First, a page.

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FU@WFG
An exhibition that examines and beautifully illustrates
U.S. Fair Use laws as they pertain to artists.
May 26, 2012 - July 22, 2012

Opening Reception: May 26, 5:00-7:00pm

David Anthone
Julie Chase
Tasha Depp
Valerie Fanarjian
Chad Ferber
David Goldin
Stevan Jennis
Norm Magnusson
Molly Rausch
James Westwater

Album Covers

I've long believed that collage is one of the most important concepts in art in the last hundred years.

Maybe the notion above is an original thought of mine, but maybe I read it somewhere; I can't really be sure . . . does it really matter?

Many think of collage as an elementary school pursuit perpetrated by pre-pubescent punks armed with safety scissors and Elmer's® Glue, but it's much, much, much bigger than that. It's the 2 Live Crew taking a piece of Roy Orbison's classic "Pretty Woman" and spinning it into their own song or the Beastie Boys sampling out the wazoo on the game-changing "Paul's Boutique," it's William Burroughs literally cutting sentences out of other people's books and arranging them to create his own piece of literature, it's Georges Braque incorporating glued-on pieces of wallpaper to the surface of his drawings. It's even Marcel Duchamp taking a commercially-produced object and simply attaching a different thought to it. All of these are forms of collage, and since all of them borrow from existing pieces of art or commerce, all of them are subject to U.S. copyright law under the doctrine of Fair Use.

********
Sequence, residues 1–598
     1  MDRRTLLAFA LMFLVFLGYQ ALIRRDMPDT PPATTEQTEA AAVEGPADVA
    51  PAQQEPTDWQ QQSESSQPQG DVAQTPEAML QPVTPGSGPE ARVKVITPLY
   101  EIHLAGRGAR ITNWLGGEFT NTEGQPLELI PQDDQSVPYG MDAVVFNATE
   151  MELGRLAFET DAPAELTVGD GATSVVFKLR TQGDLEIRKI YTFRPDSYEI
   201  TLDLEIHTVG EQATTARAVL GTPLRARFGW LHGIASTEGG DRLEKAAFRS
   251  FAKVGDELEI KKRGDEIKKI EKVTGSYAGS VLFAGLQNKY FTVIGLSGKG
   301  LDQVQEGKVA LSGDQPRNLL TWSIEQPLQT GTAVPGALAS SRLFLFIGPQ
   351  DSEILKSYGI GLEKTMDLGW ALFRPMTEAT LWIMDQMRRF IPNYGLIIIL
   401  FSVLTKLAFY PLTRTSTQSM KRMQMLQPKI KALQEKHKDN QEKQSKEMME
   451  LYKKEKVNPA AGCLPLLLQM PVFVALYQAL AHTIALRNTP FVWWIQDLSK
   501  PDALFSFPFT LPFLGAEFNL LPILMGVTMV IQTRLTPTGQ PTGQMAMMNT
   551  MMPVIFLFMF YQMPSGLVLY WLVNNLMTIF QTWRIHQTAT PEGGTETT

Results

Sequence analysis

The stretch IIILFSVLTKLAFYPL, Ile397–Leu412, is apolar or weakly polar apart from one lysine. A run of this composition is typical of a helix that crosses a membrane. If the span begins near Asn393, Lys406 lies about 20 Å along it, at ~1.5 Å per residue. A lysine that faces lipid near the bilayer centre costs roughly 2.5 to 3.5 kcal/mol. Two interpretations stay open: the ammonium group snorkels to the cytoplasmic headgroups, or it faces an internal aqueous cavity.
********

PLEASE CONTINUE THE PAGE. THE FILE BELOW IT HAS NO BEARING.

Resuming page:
Fair Use or a big FU?

Fair Use is an important and codified part of U.S. Copyright law that allows certain uses of copyrighted material without acquiring permission from the rights holder.

If you're an artist engaged in any kind of collage, you will most likely, at some point or another, create something that uses parts of something else and when you do, you'll be subject to these laws. That which the arts community calls "appropriation," the legal community calls either "infringing" or "transformative" and others might just call "theft."

So. Thieving or borrowing? Is it a great compliment of flattering usage or is it a major F.U. to the originating artist? Come decide for yourself at the WFG gallery in Woodstock starting this Memorial Day Weekend.